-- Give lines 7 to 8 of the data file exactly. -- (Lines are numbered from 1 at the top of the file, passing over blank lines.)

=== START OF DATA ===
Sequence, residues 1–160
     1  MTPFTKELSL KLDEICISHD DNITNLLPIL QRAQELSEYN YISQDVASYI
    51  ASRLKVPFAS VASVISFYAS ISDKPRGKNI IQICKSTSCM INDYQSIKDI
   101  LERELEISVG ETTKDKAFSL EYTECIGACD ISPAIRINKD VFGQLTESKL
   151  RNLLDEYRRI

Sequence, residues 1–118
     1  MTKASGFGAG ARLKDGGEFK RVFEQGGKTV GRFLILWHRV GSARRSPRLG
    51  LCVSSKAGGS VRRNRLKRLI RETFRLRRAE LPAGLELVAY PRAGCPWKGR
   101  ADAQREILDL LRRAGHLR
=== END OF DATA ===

     1  MTKASGFGAG ARLKDGGEFK RVFEQGGKTV GRFLILWHRV GSARRSPRLG
    51  LCVSSKAGGS VRRNRLKRLI RETFRLRRAE LPAGLELVAY PRAGCPWKGR